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Notre Dame Law Review Reflection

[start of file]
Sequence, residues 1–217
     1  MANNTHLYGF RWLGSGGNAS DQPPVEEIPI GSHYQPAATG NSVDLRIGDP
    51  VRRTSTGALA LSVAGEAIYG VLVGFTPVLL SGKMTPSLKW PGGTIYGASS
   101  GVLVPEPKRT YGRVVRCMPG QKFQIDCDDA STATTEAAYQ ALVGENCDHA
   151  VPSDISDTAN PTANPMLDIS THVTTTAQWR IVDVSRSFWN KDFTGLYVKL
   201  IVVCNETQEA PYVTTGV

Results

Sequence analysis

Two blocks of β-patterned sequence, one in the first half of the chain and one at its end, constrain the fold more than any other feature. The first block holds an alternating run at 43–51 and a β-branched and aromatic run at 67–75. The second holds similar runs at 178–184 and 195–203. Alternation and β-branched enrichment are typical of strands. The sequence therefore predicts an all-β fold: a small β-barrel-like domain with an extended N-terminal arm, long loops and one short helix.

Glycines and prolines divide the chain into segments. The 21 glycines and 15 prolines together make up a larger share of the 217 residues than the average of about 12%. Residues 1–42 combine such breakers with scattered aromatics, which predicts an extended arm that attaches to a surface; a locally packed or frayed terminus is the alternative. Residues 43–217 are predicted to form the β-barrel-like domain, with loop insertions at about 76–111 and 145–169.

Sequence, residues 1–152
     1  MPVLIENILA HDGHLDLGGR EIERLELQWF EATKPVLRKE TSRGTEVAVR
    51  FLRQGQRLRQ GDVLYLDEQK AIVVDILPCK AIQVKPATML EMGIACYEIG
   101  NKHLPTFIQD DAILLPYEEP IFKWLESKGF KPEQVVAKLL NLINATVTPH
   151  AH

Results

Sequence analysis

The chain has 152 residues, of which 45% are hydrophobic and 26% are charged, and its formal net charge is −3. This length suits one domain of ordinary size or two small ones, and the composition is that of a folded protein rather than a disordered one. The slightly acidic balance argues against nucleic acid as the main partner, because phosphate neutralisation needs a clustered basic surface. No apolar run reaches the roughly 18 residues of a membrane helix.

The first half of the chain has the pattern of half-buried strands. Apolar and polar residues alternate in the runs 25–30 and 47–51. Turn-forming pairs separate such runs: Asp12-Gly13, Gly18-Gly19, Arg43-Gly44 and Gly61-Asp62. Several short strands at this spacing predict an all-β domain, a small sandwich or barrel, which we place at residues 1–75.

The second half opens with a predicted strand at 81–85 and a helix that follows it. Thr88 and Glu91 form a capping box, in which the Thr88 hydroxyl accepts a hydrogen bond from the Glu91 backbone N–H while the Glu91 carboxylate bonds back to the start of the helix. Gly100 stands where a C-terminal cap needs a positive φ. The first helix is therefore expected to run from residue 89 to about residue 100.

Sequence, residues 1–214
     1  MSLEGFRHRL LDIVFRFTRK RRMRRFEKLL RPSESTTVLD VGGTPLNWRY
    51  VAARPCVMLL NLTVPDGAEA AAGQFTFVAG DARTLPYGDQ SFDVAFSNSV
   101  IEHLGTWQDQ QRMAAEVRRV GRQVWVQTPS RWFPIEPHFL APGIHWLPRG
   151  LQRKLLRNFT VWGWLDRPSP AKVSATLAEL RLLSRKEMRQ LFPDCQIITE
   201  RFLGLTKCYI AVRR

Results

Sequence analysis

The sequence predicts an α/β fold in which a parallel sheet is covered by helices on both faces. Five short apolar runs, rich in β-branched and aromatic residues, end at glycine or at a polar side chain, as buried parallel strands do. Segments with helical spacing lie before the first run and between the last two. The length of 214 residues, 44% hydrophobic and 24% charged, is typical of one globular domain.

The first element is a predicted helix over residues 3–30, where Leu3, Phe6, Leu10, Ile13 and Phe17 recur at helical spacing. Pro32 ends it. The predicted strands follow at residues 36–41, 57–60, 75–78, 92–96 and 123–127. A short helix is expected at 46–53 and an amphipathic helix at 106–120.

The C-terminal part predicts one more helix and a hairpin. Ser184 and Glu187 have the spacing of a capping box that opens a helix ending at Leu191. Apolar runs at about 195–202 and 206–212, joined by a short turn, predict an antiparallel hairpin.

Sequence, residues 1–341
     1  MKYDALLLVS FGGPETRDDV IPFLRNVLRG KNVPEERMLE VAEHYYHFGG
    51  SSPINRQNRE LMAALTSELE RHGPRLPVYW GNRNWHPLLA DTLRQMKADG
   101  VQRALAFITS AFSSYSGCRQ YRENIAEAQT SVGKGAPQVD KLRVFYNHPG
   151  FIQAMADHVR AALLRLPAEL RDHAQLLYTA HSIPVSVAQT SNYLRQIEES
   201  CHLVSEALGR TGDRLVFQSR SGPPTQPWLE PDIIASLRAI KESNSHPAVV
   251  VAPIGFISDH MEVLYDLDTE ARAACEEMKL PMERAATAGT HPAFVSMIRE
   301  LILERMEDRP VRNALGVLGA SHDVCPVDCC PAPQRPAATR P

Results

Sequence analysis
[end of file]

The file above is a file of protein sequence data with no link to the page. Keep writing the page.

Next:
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Prisons and jails endanger the health and wellbeing of incarcerated individuals and their communities. These facilities are often overcrowded and unsanitary,1 with limited access to medical care, 2 and no basic sanitation and personal hygiene products unless a person can pay the spiked prices of the jail's commissary.3 Public health emergencies compound these dangers. Most recently, the spread of the COVID-19 pandemic created a crisis for people in detention, their families, and the communities surrounding jails and prisons. For over a year, there were no vaccines against COVID-19, new strains of the virus continue to evade vaccine-induced immunity, and there is still no known cure for the disease caused by the virus. For over a year, the only known measures to mitigate the spread of this pandemic were social distancing, vigilance with hygiene and disinfectants, and proper ventilation. Yet individuals in jails and prisons had no ability to implement these measures in spaces that, even in the absence of a pandemic, pose public health risks.4 Every decision to send a person into the jails or prisons, or to deny requests for release, had the potential to cause severe illness and turn into a death sentence for members of communities across the country. Now, with new variants appearing across the globe, we face an uncertain next chapter for public health. In this Essay, we discuss how the COVID-19 pandemic has affected our understanding of constitutionally permissible punishment. We argue, first, that the protracted failure to act by those who have had authority to do so during this public health emergency created a high risk that incarcerated people would suffer severe illness-and even death-in violation of due process protections and the Eighth Amendment prohibition against cruel and unusual punishment.5 Second, we suggest that a changed understanding of public safety in the context of detention and release during public health emergencies has the potential to shift the framework even after the emergency subsides. Conceptions of what qualifies as a danger to the community and what enhances public safety have radically shifted during this time in a way that supports release of individuals back to their communities. This shift can spur a further interrogation of how we define constitutionally permissible punishment in a system that has fueled mass incarceration.

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